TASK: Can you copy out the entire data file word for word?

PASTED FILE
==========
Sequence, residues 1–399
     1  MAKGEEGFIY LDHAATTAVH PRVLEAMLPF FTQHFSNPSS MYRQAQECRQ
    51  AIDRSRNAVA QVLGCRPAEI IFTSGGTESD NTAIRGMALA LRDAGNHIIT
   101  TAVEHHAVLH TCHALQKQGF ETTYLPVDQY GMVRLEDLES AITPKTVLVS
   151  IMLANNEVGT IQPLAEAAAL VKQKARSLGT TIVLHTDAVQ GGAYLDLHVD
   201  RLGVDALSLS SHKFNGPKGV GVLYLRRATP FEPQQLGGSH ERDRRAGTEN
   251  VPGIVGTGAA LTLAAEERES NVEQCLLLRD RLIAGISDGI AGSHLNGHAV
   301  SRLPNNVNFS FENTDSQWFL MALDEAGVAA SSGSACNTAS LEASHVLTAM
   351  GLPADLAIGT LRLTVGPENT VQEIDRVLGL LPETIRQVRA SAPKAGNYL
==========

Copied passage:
Sequence, residues 1–399
     1  MAKGEEGFIY LDHAATTAVH PRVLEAMLPF FTQHFSNPSS MYRQAQECRQ
    51  AIDRSRNAVA QVLGCRPAEI IFTSGGTESD NTAIRGMALA LRDAGNHIIT
   101  TAVEHHAVLH TCHALQKQGF ETTYLPVDQY GMVRLEDLES AITPKTVLVS
   151  IMLANNEVGT IQPLAEAAAL VKQKARSLGT TIVLHTDAVQ GGAYLDLHVD
   201  RLGVDALSLS SHKFNGPKGV GVLYLRRATP FEPQQLGGSH ERDRRAGTEN
   251  VPGIVGTGAA LTLAAEERES NVEQCLLLRD RLIAGISDGI AGSHLNGHAV
   301  SRLPNNVNFS FENTDSQWFL MALDEAGVAA SSGSACNTAS LEASHVLTAM
   351  GLPADLAIGT LRLTVGPENT VQEIDRVLGL LPETIRQVRA SAPKAGNYL